The closing chapter of the Gospel of John gives us a picture of what happened after Easter, but before the church was founded. At Mount Hebron Presbyterian Church, this coming Sunday, we'll be taking a look at John 21:1-19.
It's an unusual moment in Christian history. The disciples know that Jesus has Risen, but they don't know what to do about it! Peter, who was one of the more forthright among them, suggests “Well, we can't stand around here all day musing about the future. I don't know about you guys... but I'm going fishing!”
There is a peculiar irony to the story. Before Jesus had called them to follow Him, many of them had been fisherman. Now it's almost a case of... “Well, that was that. Amazing. But let us get back to normal.” Easter can have that effect on church folk. We have an intense week of services and celebrations. We make a big splash of Easter Sunday with sunrise services and triumphant choirs and rousing hymns. (Our Sermon from Easter Sunday can be found here.) But then it's all over. Back to the humdrum of everyday life.
This story challenges us to consider the resurrection, not as the end of the life of Jesus, but the beginning of a new life for ourselves. Jesus keeps showing up. And when He shows up He deals with issues that need resolving.
For Peter one of the crashing disappointments of his life came when he denied even knowing Jesus during the time Jesus was arrested and put on trial. Jesus had told Peter that he would three times deny Him. When the cock had crowed on that dark day, Peter had recognized his failure and wept bitterly at his cowardice.
Though he had moved on from that experience, it must have still been haunting him. Maybe that's why he was the first to suggest to the disciples that they all just go back to living the way they had done before they knew anything about Jesus.
But God was having none of it. In this story Jesus turns up on the shore, shouts out to the fishing party that they needed to cast their nets in a different direction and suddenly they are pulling in more fish then they had ever done … since that momentous day Jesus first called them to follow Him. Peter realizes that it is Jesus and can't wait to get to shore and greet Him.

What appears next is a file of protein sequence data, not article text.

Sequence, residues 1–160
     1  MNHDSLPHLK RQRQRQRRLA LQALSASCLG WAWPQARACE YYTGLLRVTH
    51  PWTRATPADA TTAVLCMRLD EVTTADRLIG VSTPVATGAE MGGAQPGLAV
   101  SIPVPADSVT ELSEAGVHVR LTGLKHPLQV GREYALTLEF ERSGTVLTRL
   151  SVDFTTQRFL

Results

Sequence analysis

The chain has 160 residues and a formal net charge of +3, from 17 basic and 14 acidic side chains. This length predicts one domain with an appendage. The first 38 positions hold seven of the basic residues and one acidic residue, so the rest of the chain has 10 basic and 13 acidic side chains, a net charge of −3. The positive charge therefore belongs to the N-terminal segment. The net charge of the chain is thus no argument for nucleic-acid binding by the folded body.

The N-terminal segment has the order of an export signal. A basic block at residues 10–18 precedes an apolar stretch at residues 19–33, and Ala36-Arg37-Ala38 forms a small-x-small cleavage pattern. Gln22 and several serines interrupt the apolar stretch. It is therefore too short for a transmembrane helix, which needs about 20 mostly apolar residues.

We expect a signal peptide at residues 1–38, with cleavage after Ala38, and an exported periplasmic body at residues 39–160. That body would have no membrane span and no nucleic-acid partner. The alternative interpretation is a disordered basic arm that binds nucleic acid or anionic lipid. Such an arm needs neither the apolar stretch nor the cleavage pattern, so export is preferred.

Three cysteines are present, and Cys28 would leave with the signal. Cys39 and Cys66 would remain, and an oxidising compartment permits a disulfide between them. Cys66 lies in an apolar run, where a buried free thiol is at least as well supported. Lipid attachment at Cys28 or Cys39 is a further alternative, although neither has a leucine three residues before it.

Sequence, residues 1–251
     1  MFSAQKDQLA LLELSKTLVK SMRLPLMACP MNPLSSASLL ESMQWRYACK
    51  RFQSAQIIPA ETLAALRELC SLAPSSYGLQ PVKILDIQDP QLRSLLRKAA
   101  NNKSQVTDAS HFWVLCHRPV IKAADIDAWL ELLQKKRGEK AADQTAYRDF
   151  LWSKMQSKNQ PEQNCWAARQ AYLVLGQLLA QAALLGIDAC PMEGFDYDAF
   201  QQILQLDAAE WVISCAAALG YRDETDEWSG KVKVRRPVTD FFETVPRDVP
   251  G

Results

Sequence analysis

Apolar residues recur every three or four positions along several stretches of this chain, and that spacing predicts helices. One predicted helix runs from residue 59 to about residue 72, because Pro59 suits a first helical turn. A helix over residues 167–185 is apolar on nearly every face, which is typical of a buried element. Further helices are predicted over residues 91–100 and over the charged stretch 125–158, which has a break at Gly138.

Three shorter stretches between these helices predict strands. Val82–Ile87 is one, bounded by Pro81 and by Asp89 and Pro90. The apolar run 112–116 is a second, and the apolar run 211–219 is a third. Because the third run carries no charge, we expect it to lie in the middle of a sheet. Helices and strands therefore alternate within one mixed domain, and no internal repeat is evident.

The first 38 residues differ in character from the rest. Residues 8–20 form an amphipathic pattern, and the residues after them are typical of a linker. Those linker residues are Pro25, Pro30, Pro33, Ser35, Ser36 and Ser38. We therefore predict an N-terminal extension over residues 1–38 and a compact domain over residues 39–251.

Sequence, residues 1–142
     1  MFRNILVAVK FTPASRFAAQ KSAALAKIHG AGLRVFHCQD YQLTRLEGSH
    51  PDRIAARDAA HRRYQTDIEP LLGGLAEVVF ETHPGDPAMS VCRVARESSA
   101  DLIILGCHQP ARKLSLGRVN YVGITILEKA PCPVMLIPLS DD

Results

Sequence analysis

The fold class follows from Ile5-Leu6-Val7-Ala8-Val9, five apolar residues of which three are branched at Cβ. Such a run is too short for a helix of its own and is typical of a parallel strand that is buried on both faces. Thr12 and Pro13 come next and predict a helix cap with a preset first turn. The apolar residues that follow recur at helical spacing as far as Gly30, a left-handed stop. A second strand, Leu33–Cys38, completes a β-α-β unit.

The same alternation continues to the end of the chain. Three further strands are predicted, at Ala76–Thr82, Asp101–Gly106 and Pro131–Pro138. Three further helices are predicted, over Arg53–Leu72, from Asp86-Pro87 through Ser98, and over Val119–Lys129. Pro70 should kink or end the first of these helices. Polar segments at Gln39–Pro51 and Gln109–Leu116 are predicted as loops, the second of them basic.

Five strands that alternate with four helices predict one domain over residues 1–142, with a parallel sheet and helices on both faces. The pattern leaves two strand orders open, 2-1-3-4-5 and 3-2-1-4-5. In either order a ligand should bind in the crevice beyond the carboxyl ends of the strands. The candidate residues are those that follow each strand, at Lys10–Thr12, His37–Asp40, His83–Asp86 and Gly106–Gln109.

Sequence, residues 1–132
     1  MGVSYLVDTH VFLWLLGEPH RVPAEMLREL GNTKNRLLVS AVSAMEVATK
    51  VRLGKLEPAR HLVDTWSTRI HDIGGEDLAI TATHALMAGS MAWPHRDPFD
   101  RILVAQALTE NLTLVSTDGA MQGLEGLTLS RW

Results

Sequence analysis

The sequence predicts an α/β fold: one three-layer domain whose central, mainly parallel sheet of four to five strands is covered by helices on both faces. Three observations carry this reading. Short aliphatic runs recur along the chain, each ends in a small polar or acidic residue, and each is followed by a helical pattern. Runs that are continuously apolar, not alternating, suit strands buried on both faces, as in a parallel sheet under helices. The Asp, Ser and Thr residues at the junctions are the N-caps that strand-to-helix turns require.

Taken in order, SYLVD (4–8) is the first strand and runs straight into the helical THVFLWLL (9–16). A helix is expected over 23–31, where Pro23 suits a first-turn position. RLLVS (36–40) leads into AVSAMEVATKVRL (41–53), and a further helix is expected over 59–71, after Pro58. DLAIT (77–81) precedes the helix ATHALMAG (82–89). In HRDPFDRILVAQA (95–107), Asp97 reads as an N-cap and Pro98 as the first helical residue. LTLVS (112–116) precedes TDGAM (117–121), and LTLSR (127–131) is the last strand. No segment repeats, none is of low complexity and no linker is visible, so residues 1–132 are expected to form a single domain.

When he does, Jesus deals with Peter's doubts. He asks Peter three times, “Do you love Me?” And three times, Peter is reaffirmed in his calling to be, not a fisher of fish, but a fisher for people, catching them up in the love of God.
The Easter message should not be just for a weekend. It shouldn't leave us feeling our only option is to get back to normal. Let us seek, every day, for our faith to be renewed and keep in mind the call of every disciple is to reach others with the love of Jesus. And we can do that in as many different ways as we are different people!
For some music a hymn that reflects on how Jesus beckons to all of us to follow Him. Some answer His call, and come in from their busy boats to meet Jesus on the lake shore. “Lord You Have Come to the Lakeshore.” (Sung by Collin and Mark Nelson)
Prayer: “Lord, Easter Day has come and gone. Yet still You stand at the shore of our lives and call us to deeper commitment. Send to us Your Holy Spirit that we may live in the light of Your resurrection and follow where ever You may lead.”
The Reverend Adrian J. Pratt B.D.